2. Helping out: If you’re feeling really tired or uncomfortable, say something! Have someone help with chores or tasks. It can make a big difference.

3. Giving space: Sometimes you might need some alone time to rest or relax. It’s okay. Ask for space when you need it.

4. Offering comfort: A kind word, a hug, or even just sitting quietly together can help. It’s okay to be vulnerable with a person you feel safe with.

5. Being patient: PMS can make you more irritable or emotional. It’s important for your loved ones to be patient and understand that these feelings are part of PMS.

Advocating for yourself

Being pro-woman means standing up for your needs and taking care of yourself, and knowing the PMS meaning helps you care for yourself. Here’s how you can do that:

1. Recognize your needs: Pay attention to what you need, whether it’s rest, help with tasks, or emotional support.

2. Speak up: Don’t be afraid to talk about your needs. Use clear and calm language. Talk about how you feel and what you need.

3. Be consistent: Regularly remind your loved ones or partner about your PMS patterns and needs. This helps them understand and remember how to support you.

4. Set boundaries: It’s okay to say no. Ask for what you need. Set boundaries to protect your mental health.

5. Self-care: Take time to do things that make you feel good and relaxed, like taking a warm bath, reading a book, or going for a walk. Exercise can actually help some PMS symptoms feel better and lift your mood!4

Helping your partner or friends understand

Educate your loved ones about the PMS meaning so they can better support you:

  • Share info: Explain what PMS is and how it affects you. You can share articles or videos if that helps.
  • Be honest: Talk openly about your symptoms and how they make you feel. Honest communication helps them understand you. If they’re good friends, they’ll care about what you’re saying.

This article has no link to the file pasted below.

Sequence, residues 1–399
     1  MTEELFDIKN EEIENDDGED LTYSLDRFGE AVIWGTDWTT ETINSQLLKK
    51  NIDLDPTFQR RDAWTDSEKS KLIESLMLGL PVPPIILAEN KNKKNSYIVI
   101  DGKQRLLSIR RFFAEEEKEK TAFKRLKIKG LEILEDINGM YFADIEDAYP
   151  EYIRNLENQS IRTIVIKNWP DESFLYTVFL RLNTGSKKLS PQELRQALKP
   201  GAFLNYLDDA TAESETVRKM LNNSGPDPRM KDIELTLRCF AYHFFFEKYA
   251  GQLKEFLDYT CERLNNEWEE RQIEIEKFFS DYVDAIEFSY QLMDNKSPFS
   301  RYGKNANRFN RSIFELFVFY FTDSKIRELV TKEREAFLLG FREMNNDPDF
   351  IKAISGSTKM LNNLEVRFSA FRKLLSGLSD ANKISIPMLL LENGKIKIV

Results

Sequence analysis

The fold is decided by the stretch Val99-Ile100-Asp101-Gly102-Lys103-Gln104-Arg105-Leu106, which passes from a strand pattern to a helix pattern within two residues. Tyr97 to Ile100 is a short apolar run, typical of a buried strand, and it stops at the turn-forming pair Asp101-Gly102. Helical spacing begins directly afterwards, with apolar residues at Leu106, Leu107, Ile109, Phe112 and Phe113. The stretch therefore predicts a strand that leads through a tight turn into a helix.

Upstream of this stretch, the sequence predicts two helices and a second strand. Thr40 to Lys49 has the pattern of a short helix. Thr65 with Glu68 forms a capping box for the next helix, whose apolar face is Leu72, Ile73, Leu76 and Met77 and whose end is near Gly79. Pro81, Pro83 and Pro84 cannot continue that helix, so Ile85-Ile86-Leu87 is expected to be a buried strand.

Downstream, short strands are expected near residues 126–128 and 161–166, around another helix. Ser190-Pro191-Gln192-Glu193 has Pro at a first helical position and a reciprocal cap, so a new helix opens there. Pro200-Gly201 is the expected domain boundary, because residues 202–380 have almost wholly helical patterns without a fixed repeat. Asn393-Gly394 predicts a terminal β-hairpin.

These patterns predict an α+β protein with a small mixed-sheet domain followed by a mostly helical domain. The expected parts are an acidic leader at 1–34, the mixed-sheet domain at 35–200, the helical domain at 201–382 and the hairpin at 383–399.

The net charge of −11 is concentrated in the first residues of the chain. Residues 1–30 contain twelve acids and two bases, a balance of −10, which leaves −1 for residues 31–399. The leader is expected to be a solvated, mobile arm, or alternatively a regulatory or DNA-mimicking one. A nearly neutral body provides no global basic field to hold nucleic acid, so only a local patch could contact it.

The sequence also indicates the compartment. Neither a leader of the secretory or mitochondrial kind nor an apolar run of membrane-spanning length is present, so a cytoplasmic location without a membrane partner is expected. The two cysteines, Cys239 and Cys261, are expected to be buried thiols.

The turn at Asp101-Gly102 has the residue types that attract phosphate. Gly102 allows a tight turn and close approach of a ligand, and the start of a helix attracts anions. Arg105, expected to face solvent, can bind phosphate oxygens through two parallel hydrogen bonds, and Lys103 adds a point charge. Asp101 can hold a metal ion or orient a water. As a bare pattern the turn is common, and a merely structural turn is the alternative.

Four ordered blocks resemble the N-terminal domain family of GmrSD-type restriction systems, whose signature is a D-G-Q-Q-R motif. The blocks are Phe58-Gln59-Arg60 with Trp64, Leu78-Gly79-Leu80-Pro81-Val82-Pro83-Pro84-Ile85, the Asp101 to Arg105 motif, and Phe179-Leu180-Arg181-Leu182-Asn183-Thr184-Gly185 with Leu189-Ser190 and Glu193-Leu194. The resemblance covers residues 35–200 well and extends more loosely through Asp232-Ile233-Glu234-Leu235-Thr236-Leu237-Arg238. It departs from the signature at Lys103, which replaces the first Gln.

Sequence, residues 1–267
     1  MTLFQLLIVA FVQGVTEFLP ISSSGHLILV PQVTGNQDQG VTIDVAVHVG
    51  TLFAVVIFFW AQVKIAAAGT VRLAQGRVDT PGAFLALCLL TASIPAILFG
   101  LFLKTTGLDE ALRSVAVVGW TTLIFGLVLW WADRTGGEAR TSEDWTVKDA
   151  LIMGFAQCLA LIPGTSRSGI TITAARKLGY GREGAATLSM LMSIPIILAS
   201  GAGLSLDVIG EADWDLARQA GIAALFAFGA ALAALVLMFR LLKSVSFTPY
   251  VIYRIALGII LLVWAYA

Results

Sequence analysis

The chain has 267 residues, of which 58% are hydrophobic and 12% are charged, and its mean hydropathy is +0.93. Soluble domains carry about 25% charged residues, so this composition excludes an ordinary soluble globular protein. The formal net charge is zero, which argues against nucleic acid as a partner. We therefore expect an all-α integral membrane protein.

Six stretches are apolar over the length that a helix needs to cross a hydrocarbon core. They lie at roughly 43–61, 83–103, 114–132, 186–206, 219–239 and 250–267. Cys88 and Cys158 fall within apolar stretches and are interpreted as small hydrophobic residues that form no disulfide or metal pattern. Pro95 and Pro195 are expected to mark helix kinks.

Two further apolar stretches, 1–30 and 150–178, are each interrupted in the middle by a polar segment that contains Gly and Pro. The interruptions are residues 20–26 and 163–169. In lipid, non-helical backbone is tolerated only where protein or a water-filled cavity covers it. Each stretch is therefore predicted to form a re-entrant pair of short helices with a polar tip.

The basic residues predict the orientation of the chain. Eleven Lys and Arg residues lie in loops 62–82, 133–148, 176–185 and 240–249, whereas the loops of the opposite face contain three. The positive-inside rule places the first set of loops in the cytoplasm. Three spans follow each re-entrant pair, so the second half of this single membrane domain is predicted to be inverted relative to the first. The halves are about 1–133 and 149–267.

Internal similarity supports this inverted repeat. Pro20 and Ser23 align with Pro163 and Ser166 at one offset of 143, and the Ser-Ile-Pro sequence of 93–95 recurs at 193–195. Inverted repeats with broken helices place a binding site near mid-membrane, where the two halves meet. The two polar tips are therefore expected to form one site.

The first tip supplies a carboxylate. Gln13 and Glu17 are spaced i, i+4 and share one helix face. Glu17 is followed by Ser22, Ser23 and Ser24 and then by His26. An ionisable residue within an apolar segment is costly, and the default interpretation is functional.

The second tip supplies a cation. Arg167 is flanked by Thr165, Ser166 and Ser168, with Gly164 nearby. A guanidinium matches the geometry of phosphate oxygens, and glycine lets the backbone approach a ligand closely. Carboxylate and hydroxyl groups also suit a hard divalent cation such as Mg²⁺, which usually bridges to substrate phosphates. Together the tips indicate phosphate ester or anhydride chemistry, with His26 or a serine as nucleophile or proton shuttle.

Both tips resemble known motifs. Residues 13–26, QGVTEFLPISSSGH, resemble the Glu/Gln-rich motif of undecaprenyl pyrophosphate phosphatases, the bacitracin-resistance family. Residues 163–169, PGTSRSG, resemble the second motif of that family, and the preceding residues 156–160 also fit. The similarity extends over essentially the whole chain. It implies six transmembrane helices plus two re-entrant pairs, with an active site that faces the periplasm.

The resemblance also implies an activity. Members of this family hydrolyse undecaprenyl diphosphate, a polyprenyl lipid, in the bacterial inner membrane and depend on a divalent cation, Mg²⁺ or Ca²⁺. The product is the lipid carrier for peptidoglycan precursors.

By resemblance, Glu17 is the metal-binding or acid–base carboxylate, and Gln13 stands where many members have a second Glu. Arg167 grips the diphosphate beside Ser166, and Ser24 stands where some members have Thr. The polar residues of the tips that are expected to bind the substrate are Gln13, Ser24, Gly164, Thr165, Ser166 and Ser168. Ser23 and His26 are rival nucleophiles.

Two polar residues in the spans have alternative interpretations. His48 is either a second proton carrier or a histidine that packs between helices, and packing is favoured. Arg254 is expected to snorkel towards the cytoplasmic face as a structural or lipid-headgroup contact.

• Offer suggestions: Tell your loved ones how they can help. Maybe you need them to remind you to take breaks or to be extra kind during certain times of the month.

Friends connecting through shared pms meaning.

Connect Through Laughter

PMS is no joke, but finding humor in your situation can lighten the mood and make dealing with PMS easier. Laugh together. Share funny stories or jokes about your experiences as women. Trust us, we’ve all got stories. Laughter can make you feel connected and less stressed. Try to stay positive. Focus on the positive aspects of your relationships and how you support each other.

Knowing the real PMS meaning and supporting each other through PMS should be the standard. You shouldn’t ever feel ashamed about it. At ThrIVe+, we’re working on removing the stigmas around women’s health. Advocate for yourself so your needs get met. When you and your loved ones work together, it’ll strengthen your relationships and help everyone feel more understood and supported. You deserve to be respected, even during PMS.

When to Seek Professional Help

If your PMS symptoms are very severe and make it hard for you to do everyday things, you might have a condition called PMDD (Premenstrual Dysphoric Disorder).2 If you think you have PMDD, talk to a doctor. They can help you find ways to feel better.

Try to be transparent about your PMS meaning and how it affects you. It can help your relationships grow stronger and have more understanding. Let’s break down the stigmas about PMS and build a more supportive world